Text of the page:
It is through this lens that climate change can be considered as a teaching opportunity, sometimes intentional, but often responding to the inquiries of a child.  This allows us to tailor our messaging to ensure that what is being taught is targeted and appropriate to the specific needs of the children in question. 

 

What this looks like in practice is obviously quite diverse and appropriately contextualised, ensuring that the teaching opportunity is both effective and also helps to develop awareness of their impact on the world within which they live. 

 

There are positive, encouraging ways to teach children about climate change, to give them a sense of agency and purpose, and to fuel their desire to interact positively with the earth.

 

 As always, the carrot is a better motivator than the stick (or even the fear of the stick). Should we lecture them about the damage to the environment done by using a plastic straw? Or instead role model positive behaviours, picking up discarded straws (“take three for the sea”), and then celebrate the fact that when we make good environmental choices, the water dragon babies can eat everything they can see and grow strong and healthy?

 

The science of learning

The psychologist in me will bore you with the science behind learning – that physiologically, in order to learn, one should be in a state of hope, not fear… in a state of love, not hate; laughing, not crying. 

 

To evoke this state in children, we start back at the beginning, instilling a sense of awe, wonder and appreciation – to help them find happiness and stillness and fulfilling excitement in the world, through nature. Nature is certainly more reliable at creating a healthy ‘high’ than wifi – despite what my teenagers say.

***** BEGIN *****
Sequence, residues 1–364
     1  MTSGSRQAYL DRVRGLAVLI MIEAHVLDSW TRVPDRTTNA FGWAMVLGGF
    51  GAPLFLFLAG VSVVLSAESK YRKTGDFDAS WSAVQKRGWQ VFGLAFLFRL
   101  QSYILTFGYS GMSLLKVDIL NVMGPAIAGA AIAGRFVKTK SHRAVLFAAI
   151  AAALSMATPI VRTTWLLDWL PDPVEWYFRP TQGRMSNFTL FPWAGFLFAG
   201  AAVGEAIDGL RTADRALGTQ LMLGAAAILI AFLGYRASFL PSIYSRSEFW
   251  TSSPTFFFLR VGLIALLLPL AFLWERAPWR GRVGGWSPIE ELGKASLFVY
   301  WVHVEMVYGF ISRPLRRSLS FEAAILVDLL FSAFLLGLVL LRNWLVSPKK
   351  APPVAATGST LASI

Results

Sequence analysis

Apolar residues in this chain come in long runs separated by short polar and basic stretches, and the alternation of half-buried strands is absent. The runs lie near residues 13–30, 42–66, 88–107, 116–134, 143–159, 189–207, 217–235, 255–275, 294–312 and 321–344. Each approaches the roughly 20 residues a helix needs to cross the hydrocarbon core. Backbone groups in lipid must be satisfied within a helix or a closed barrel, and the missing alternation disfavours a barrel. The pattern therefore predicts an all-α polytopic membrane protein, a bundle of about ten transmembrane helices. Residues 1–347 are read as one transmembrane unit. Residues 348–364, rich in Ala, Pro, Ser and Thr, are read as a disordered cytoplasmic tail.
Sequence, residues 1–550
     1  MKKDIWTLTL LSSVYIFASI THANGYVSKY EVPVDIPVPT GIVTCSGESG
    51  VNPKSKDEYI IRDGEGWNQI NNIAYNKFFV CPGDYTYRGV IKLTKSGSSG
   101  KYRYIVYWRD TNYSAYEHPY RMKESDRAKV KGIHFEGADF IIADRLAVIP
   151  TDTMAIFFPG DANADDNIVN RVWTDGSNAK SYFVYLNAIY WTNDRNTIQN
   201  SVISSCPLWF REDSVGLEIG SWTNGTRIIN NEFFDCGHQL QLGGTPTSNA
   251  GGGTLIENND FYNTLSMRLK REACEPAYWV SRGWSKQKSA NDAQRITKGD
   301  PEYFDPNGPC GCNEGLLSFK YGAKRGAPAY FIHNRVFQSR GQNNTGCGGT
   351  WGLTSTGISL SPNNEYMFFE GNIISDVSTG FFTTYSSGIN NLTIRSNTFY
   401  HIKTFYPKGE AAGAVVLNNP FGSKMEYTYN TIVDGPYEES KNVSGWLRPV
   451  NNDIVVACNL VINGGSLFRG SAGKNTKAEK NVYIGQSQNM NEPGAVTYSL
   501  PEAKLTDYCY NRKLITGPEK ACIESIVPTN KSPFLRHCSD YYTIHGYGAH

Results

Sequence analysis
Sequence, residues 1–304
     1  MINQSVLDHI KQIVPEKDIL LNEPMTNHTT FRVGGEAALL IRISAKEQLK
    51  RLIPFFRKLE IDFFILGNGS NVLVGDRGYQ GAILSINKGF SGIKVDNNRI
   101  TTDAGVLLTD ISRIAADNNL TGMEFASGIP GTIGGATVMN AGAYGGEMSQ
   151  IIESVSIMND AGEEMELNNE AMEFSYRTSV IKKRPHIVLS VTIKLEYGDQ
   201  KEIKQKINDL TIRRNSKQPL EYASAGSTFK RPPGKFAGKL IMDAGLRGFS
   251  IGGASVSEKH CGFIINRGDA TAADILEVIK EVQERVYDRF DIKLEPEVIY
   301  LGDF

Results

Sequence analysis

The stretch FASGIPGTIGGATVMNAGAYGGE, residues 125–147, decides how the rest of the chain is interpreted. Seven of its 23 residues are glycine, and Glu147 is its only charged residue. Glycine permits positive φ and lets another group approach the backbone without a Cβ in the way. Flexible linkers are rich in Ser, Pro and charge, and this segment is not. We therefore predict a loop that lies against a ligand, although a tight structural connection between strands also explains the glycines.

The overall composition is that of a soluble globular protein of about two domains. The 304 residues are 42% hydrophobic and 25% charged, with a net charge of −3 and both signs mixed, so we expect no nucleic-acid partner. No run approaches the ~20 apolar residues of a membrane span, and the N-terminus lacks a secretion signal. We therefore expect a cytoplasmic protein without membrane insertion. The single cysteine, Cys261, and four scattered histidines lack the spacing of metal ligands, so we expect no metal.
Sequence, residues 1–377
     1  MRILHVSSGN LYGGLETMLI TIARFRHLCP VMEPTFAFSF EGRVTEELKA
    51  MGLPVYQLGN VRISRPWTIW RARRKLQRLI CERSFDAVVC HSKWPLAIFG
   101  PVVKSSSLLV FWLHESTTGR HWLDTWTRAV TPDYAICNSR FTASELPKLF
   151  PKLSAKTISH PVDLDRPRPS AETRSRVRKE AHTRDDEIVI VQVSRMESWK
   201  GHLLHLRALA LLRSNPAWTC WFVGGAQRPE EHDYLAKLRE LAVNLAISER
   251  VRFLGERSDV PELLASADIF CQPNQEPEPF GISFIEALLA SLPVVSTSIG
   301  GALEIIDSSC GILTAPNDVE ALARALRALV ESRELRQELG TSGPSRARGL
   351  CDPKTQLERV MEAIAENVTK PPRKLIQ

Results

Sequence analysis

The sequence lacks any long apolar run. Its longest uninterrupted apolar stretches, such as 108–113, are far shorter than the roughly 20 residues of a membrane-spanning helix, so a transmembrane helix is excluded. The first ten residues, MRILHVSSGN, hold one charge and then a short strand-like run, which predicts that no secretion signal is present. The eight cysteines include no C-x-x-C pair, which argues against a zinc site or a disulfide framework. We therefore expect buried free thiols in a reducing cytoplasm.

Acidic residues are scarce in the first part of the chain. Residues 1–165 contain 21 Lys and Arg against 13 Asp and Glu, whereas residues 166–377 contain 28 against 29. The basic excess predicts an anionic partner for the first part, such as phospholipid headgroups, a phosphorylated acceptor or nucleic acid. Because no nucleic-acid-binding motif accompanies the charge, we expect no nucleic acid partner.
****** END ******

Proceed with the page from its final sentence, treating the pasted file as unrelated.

My peace each day is reset by walking to the front of my house and watching the bees busily buzz in the almond blossoms. Following them from one beautiful flower to the next takes me to a calm and meditative state – one which enables me to harness my resources in order to deal with the challenges of the day. 

 

So, should we be teaching children about climate change? Or ignoring their questions? 

Young children are not immune to the conversations that concern adults across the globe. If they’ve seen Ice Age they already know a little about global warming. We shouldn’t just shut them down and say “that’s a topic to be discussed when you’re an adult”.  But nor should we let them fall into a state of anxiety. 

 

Our children should be empowered to understand that they can do something positive. Teaching children to appreciate nature is, in fact, allowing children to be children, enabling them to develop and grow utilising their own innate curiosity, and ability to observe and learn from the world around them.

 

Moreover teaching children a “growth mindset”, how to adapt and persevere, and how to bring about positive change, is giving them the life skills to survive and thrive in an ever-changing world. 

 

The Australian Psychological Society has produced some useful resources for parents and educators, which offer guidance about how to talk to young children about climate change and the need to protect the environment, framing it in a way that inspires rather than alarms. These resources are available here and can help advance the conversation.